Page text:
Open Source in the Enterprise: Challenges and Myths

Open source is all the rage, but isn't exactly easy to adopt. An Interop ITX speaker offers some tips.

Marcia Savage

March 15, 2017

4 Min Read
Network Computing logo

The open source movement is hotter than ever, giving IT teams a growing array of alternatives to proprietary solutions. The rise of cloud, containers, and software-defined technologies has helped fuel the trend. In networking, the number of open source options has practically exploded in recent years.

But for enterprise IT shops, implementing open source technologies and getting involved in open source projects can be challenging. I recently met with Eric Wright, principal solutions engineer and technology evangelist at cloud and virtualization company Turbonomic, to get his take on the challenges. Wright, who participates extensively in open source communities, said open source can provide tremendous benefits, but IT pros may need to let go of some misconceptions to make it work.

Wright, who is a VMware vExpert and Cisco Champion with background that includes OpenStack, will team with other experts to lead an all-day Open Source Summit at Interop ITX in May.


One of the most commonly cited challenges with open source in the enterprise is a lack of support, but Wright said that's really more of a myth. "There are a host of companies widely embracing support for open source ecosystems," he said. "Red Hat, Mirantis, and others have literally built organizations around supporting open ecosystems."

Another common concern enterprises have about open source products is whether they will disappear. However, Wright points out that there's no assurance of the longevity of a proprietary product: When a vendor is acquired, like Ruckus Wireless or Avaya, it also means changes for the way a product is consumed.

"The fear that a platform will go away in a few years so you're not going to use it now – by not using it is sort of a self-fulfilling prophecy," he said, adding that open source platforms that are embraced by organizations flourish.


Being able to give back to open source projects is key, and giving IT staff members time for that can be challenging for an enterprise. Wright acknowledges the work-life balance that presents, but said the payoff is empowered and happy development teams that are helping to improve a platform the organization likely uses.

Beyond the human resource challenge, enterprises often are worried about the potential legal impact of working on open source projects, he said. "Companies are concerned if their teams are developing code that could somehow impact intellectual property or have a negative effect on another consumer of the platform down the road," Wright said. However, he said there's a lot of FUD around this issue. "There is a huge number of legal resources to help people understand how to positively participate in open source contributions."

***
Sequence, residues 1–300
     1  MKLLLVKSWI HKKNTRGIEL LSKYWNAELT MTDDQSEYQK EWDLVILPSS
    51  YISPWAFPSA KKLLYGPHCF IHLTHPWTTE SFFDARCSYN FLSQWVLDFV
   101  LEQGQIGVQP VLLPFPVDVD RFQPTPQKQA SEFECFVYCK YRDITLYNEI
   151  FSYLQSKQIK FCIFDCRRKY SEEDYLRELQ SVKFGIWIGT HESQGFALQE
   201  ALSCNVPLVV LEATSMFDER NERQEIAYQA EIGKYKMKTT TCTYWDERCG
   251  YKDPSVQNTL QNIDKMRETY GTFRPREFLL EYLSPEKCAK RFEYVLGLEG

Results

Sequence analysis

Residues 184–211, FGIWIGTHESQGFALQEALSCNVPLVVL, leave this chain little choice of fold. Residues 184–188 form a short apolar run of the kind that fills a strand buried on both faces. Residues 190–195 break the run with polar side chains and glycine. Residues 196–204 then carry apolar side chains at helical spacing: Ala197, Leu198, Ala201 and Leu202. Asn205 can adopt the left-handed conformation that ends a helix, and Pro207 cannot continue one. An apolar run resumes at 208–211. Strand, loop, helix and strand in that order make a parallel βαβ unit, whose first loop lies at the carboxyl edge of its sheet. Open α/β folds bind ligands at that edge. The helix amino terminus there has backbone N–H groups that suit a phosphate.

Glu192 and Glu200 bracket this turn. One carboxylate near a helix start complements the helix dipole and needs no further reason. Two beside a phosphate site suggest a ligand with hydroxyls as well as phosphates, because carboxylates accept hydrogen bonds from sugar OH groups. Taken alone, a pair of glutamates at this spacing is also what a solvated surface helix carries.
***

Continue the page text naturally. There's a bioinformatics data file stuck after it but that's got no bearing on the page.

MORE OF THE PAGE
Smaller enterprises with fewer resources will have a harder time integrating open source, especially on the networking side, Wright said. "The smaller you are, the more challenging it will be because you have to lean on a partner." Yet with established vendors like Cisco, Juniper Networks, and VMware embracing open networking, "the partner vendors we're working with today have widely embraced open standards and open platforms," he said.

More than code

A common misconception is that in order to be an open source contributor one must be a developer, Wright says. "Open source is founded on the idea of creating opportunity for people to collaborate towards a common goal using a platform or product and platforms and products need more than code," he said. "They need project managers, marketing people, and evangelists to amplify and share the story."

People involved in open source projects need to be able to make business decisions and tough choices, for example, what goes into the next release, he said. "That's why we also need innkeepers, who can handle pull requests, set up meetings and development forums. It's not just raw hammering of code into the keyboard. It's really creating a business supporting it."

Sharing open source successes and challenges is critical so others can learn from them, he said. "It's definitely not all sunshine and rainbows, but neither is any walled-garden platform. One success begets another when the story is shared."

Hear more from Wright and other open source experts live and in person at the Open Source Summit at Interop ITX in Las Vegas. Other speakers at the summit include Leah Schoeb, found data architect at Data Glass, and Lisa Caywood, director of ecosystem development at the Linux Foundation's OpenDaylight Project. Don't miss out! Register now for Interop ITX.

About the Author(s)

Marcia Savage

Executive Editor, Network Computing

Stay informed! Sign up to get expert advice and insight delivered direct to your inbox

You May Also Like

More Insights